People understand the concept of a list, it is deceptively transparent, even objective; the reduction of thought/information/knowledge to its barest bones. Guidelines for writing for the web often advocate the use of bullet points rather than paragraphs – easier to read and a more efficient way of transmitting information quickly. A comment from Tom; lists are a product of fear – fear of loss, fear of forgetting, fear of distraction and disorder, fear of incompletion. To list is to control the material you are listing, to set parameters around it and to put it in order. It is a very explicit statement of control, there’s nowhere to hide in a list. Another comment from Tom; this is why politicians don’t like them. It’s much easier to obfuscate and hide woolly language and empty promises in a conversational format of words. Back to the writing for the web guidelines.

And yet. If a list is made of explicitly constituent parts, there is a clear path to dismantling it. It’s like lego, just take it all apart and rebuild it into something else. And when you do that, your list says something rather different, which suggests it’s not such a transparent format after all. There is fun and subversion to be had from taking a list apart and rebuilding it differently – Tom Lehrer reworked the order of the Periodic Table to form his brilliant song The Elements, set to Gilbert and Sullivan. My son’s Year 5 primary school teacher used to mix up the alphabetical order of the class register from time to time, as he had noticed that the children often answered before their names had actually been called and he wanted to wake them up a bit. Disrupting a list is provocative. This relates to a thought I keep coming back to about value and meaning in the collection and my current pre-occupation with inscribed objects. What if I were to re-catalogue the collection according to all the names that have been written on it?  What kind of a collection would it be then? More like the cenotaph perhaps. The list could be read as the ingredients (ooh, there we go, that’s another one – the instructive list), setting up the reader to imagine the story in the spaces between the entries.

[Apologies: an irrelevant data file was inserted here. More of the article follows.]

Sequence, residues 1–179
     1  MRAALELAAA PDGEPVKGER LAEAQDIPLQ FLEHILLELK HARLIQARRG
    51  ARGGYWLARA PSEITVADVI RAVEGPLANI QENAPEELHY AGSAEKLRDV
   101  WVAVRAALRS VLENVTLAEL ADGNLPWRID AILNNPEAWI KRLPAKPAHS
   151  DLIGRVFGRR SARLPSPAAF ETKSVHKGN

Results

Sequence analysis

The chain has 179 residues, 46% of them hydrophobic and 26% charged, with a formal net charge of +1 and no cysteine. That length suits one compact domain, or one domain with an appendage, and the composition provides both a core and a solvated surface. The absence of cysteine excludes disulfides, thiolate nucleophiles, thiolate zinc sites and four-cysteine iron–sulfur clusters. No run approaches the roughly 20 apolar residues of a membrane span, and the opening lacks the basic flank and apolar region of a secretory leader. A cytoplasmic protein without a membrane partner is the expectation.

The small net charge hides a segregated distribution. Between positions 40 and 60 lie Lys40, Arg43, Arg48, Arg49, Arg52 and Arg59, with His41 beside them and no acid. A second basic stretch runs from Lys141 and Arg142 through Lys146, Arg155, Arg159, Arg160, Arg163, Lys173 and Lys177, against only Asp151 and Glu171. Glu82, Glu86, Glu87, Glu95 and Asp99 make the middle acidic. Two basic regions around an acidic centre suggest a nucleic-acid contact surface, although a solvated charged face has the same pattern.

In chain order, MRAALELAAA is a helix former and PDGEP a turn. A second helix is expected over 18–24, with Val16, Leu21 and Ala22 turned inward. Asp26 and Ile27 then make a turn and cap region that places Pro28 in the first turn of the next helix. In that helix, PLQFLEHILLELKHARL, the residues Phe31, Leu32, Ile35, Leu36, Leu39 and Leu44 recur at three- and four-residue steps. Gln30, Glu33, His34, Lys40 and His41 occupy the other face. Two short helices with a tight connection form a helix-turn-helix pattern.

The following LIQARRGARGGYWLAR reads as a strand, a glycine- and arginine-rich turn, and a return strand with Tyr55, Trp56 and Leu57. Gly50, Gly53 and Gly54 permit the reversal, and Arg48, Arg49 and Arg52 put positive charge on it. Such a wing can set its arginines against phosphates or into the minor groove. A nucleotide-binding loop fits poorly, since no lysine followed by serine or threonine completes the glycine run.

This came up in conversation with my Mum yesterday. She writes, but was rather sceptical of my new-found fascination. And yet, soon found herself telling me about the day she sat in a cafe and decided to write 500 words about the menu, without actually mentioning anything on the menu. She wrote the story of the list, hidden in between the sequenced elements, flipping the whole thing round so the story emerged as the list disappeared.

So, although the concept of the list suggests containment, control and completion, it actually has infinite possibility. I discovered the other day that there is a book by Umberto Eco, called The Infinity of Lists (haven’t got hold of it yet, but it’s on my Christmas list). Found myself thinking of the list more as a runaway train, accelerating and decelerating under its own momentum until it finally runs out of steam. The empty pages of the accessions register will go on forever, as long as the museum lives. There is something of this quality in Mary’s collection and the lists that go with it; a sense of uncontrolled proliferation. This I think has something to do with the sheer size of it – in marked contrast to the smallness of the individual things themselves; the simple heartbeat of repetition – page after page of ‘key, 19th century’, ‘key, 19th century’; and the unexpected juxtaposition of the supposedly ordinary and the bizarre – ‘the fossilised eye of a fish’.